Trying something different, a sketch of a Paris street!
This is a really enchanting and lovely film, if a bit artsy. I wouldn't call it a chick flick as others may have called it, but it is a Woody Allan film, so take that as you will.
Gil(Owen Wilson) is a writer of hollywood scripts trying his hands at a novel as he takes a vacation with his fiance(Rachel McAdams) in the beautiful city of Paris. Gil is a nostalgic and can't get his head out of the past when one night he stumbles on a vintage car that takes him to a popping jazz club where he meets the famous likes of F. Scott Fitzgerald and Ernest Hemingway, realizing he's gone back in time. He then becomes enchanted from a model living in the 20's. Drunken mystical 20's antics ensue.
The fantastical idea of traveling back in time for a few hours at night meeting famous writers and artists is a cool idea, and how they use it ends up being creative and funny. It's never really explained how, it's left to the magic of Paris.
The cinematography is slow, meaningful and pretty artsy. Film students will love this film. Instead of having cuts between characters, the director will let them wander off camera and let the audience listen to their conversation before the characters stroll back into frame. There are some beautiful and charming shots of gay Pari here, it almost becomes a character unto itself.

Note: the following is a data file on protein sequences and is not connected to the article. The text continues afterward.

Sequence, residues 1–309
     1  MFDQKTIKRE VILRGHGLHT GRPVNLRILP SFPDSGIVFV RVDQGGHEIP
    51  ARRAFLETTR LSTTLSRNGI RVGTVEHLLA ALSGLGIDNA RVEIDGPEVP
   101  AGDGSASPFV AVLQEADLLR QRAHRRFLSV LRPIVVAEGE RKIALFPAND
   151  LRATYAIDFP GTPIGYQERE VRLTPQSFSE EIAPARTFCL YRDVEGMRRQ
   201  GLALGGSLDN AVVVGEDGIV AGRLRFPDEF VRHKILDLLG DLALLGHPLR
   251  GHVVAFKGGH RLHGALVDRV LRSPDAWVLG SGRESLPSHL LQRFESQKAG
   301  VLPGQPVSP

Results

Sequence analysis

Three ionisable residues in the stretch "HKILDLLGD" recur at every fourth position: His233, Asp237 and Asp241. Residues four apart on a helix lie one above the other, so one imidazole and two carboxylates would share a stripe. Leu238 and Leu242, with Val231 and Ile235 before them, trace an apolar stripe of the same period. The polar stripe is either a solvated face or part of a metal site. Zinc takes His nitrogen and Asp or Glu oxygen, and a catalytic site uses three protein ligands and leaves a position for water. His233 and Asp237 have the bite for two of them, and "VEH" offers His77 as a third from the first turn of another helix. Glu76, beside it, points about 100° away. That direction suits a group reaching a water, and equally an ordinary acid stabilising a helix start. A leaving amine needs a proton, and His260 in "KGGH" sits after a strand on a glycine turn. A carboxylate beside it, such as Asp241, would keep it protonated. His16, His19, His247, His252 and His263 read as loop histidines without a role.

Speaking of characters, Owen Wilson does a perfect job of stepping into the neurotic, whinny and often hilarious shoes of Woody Allan. He's the perfect successor to Allan's style of acting and comedic timing. All the people Gil meet are famous writers, artists, and musicians; history buffs will get a kick, as Gil does, out of spotting all the cameos. I didn't recognize many of them, but I especially enjoyed Corey Stoll's Hemingway and Adrien Brodie's Dali.
I don't know if I'd call this a love story, but there are love components. There is a love rhombus between Gil, his fiance, the obnoxious professor she's fawning over, and the 20's model Gil's falling in love with. If you greatly dislike the romantic aspects of romantic comedies, don't fret as it focuses more on Gil's love of nostalgia and his conflict of staying with the world he knows and going with the world he dreams of. I was delighted that it didn't end the way I thought it would(or the way most Hollywood movies of this nature end).
I really enjoyed this. It may not be for everyone, but it was funny, creative and all around an entrancing pleasure. I'd recommend it if you're looking for something lighter or something different, or something to take the lady to who's tired of all these summer blockbusters with explosions and rippling biceps.